Ruffling the welsh

The Welsh are greatly touchy of their cultural independence from England. But it doesn’t go down very well when a Welsh journalist asks Mahendra Singh Dhoni (in pic) what it’s like to be in Cardiff and is told that “it’s very good to be in England,” notes Shreedutta Chidananda.

The Welsh are a fiercely proud people, greatly touchy of their cultural independence from England. “The English don’t like cricket to be here,” the Diary’s landlord in Cardiff complains. “Mike Atherton is always on the commentary going: ‘Ugh…Cardiff! Why did we have to have cricket here?’ Typical snooty English attitude.”

When this is the prevailing sentiment, it doesn’t go down very well when a Welsh journalist asks Mahendra Singh Dhoni what it’s like to be in Cardiff and is told that “it’s very good to be in England.”

The reporter is visibly distressed while Dhoni carries on about the beauty of the place. Not just the English then.

Gastronomic nightmare

The Diary is never one to turn down a free meal, but there are a few things it simply cannot force down its maw. Like a shoe or a cell phone. Or meat. So it is mortified when the match-day menu is handed around the Cardiff press box. Lunch, it gaily announces, will be: hot smoked salmon, roll mop herrings, smoked mackerel, poached salmon with dill, smoked trout with lemon, braised shoulder of lamb with garlic lemon and thyme, and oh, some assorted boiled vegetables.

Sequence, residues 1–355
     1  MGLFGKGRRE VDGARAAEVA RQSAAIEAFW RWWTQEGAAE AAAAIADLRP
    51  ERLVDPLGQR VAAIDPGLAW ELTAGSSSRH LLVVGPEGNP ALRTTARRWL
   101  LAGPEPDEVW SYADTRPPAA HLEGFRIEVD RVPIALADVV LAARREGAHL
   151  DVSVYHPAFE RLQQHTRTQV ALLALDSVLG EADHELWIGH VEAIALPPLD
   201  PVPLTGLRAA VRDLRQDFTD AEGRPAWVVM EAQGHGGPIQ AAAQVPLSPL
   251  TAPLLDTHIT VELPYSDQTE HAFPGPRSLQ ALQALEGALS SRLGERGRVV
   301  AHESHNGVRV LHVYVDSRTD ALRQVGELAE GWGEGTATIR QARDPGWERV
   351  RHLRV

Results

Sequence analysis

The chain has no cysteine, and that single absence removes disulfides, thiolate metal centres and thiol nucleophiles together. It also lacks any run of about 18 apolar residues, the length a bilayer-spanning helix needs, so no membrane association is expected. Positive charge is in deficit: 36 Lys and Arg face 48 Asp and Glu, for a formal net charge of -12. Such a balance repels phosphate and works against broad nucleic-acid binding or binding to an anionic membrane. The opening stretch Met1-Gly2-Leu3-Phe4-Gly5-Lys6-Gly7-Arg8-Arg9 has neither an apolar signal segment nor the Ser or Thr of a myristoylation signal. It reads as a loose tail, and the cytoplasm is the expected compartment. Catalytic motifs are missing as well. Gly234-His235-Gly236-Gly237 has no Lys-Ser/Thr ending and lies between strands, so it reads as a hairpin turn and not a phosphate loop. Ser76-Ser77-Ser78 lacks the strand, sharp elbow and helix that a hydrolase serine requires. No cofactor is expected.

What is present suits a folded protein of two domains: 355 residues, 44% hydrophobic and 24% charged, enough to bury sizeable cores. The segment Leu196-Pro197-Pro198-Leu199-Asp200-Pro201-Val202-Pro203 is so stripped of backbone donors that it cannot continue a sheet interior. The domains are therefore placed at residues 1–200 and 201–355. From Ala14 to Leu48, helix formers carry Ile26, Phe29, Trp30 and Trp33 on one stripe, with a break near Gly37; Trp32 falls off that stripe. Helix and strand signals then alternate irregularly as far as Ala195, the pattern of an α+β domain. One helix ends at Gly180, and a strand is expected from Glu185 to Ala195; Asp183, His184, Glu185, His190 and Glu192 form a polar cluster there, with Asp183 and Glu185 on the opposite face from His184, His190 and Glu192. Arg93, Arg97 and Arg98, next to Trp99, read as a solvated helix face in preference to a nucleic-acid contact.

But the Diary is never one to go hungry either; the dessert and pastry, it turns out, are ample compensation.

Wolves or lambs?

A. B. de Villiers is not a captain lacking in confidence, at least on the outside. On the eve of South Africa’s match against India, he’s bullish on his team’s chances. “We’ll have definitely an attacking mindset of picking up wickets early on,” he says. “…we’ll have to come out like a pack of wolves tomorrow and really try towards one goal and that is to win the game.”

India’s opening pair makes 127, and the team 331. Morne Morkel limps off with a quad strain; Lonwabo Tsotsobe leaks 83 runs in his 10 overs and Rory Kleinveldt 81. Not so much wolves as baa-lambs but post-game, de Villiers is out defending his men. “Yes, there was 100% of a pack of wolves out there today,” he insists. “I was very proud of the way the boys fought back, especially after losing Morkel. …every time I connected with the team, the energy, and intent and awareness was there. I’m very proud at the fact we kept them down to 330. It could have easily been 360 or 370, which could have taken the game out of reach for us.”

The Diary is not one to deny a captain his positives.

Changing tack

Dhoni doesn’t give much away, but when he does, even a little, the Diary doesn’t want to take. For barely 24 hours after expressing a preference for playing batsmen in their ‘original slots’ and weeping over the injustice of moving them around, Dhoni duly drafts Rohit Sharma in as an opener, in Murali Vijay’s stead.